Rolling Stones' Ronnie Wood, 73, reveals he fought cancer for a second time during lockdown

ROLLING Stone Ronnie Wood has revealed he secretly battled cancer for a second time during lockdown.

The guitar legend, 73, was diagnosed with rare and aggressive small-cell cancer.

He got the all-clear — and says working on paintings of wife Sally, 43, and their twins, four, helped keep him strong.

He also believes being sober for a decade and putting his fate in the hands of a “higher power” helped him through his latest cancer fight.

The rock legend got the shocking news in lockdown that he had the small-cell variant of the disease.

Speaking exclusively to The Sun, the 73-year-old revealed: “I’ve had cancer two different ways now.

“I had lung cancer in 2017 and I had small-cell more recently that I fought in the last lockdown.”

Small-cell cancer commonly arises in the lung but can affect areas such as the prostate, pancreas, bladder or lymph nodes.

It is so-called as the cancerous cells appear as a different size and shape under a microscope.

It is typically fast-growing but happily Ronnie — dad to twins Gracie and Alice, four, with Sally — confirmed: “I came through with the all-clear.”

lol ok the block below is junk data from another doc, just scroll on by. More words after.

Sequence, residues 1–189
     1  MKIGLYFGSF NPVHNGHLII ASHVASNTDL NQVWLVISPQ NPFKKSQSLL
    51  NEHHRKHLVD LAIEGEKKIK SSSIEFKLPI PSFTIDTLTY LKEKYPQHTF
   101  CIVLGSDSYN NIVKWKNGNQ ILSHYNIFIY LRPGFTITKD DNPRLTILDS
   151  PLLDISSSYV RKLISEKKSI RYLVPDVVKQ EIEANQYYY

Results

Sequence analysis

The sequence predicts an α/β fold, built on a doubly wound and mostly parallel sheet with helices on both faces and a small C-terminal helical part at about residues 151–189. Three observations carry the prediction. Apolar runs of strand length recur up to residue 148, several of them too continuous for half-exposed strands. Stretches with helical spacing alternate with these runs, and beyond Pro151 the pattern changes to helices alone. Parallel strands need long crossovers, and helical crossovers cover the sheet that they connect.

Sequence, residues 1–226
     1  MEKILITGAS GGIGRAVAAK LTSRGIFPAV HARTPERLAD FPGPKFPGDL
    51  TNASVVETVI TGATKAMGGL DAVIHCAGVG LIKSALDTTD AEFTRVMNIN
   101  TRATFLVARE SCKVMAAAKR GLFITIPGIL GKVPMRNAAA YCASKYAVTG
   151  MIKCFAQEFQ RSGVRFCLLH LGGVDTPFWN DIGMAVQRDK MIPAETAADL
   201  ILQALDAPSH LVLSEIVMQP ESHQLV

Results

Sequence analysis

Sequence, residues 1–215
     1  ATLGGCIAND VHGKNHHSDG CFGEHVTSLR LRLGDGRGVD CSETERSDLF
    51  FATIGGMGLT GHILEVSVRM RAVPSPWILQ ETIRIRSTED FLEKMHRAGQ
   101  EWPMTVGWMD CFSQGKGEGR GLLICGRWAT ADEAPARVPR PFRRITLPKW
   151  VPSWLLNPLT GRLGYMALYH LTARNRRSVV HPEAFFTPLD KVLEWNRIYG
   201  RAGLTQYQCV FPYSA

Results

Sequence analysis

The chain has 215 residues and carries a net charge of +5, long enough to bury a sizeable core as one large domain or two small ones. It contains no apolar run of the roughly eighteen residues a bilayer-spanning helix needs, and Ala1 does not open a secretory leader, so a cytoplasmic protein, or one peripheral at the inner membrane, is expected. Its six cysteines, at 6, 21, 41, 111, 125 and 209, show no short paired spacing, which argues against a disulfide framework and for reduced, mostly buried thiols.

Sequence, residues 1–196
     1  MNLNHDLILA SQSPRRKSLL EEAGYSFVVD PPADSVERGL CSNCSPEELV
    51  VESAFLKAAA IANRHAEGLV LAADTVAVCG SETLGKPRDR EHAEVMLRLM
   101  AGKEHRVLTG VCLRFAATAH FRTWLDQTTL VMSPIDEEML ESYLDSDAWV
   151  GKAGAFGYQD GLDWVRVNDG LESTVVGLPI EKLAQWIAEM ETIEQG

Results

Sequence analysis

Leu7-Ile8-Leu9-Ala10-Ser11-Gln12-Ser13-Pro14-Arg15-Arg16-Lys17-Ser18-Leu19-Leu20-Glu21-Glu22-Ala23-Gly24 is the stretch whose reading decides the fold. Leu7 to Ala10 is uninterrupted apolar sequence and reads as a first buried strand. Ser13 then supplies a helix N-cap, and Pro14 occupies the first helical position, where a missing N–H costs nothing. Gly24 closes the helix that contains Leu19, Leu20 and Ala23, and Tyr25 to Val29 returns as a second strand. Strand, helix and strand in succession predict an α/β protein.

The idea of a “higher power” is a core belief of Alcoholics Anonymous and Narcotics Anonymous.

Ronnie, a notorious hellraiser in the 1970s and ’80s who has had eight stints in rehab, says the concept was crucial during his second brush with the disease.

He added: “I’m going through a lot of problems now, but throughout my recovery, you have to let it go. And when you hand the outcome over to your higher power, that is a magic thing.

“That brings you back to the (AA and NA’s) Serenity Prayer: ‘Grant me the serenity to accept the things I cannot change’. That’s incredible. What will be will be, it’s nothing to do with me.

“All I can do is stay positive in my attitude, be strong and fight it, and the rest is up to my higher power.”

Ronnie previously blamed his 2017 lung cancer diagnosis on smoking “25 to 30 cigarettes a day for 50-odd years” before quitting the habit in 2016.

At the time he dedicated “time to say goodbye” to his loved ones, saying: “There was a week when everything hung in the balance and it could have been curtains.”

The guitar idol needed a five-hour operation to have part of his lung removed before confirming he was cancer-free in 2018.

He said in his 2019 documentary Somebody Up There Likes Me: “They went, ‘Your lungs now are like you’d never smoked’ and I went, ‘How is that for a get out of jail free card?’”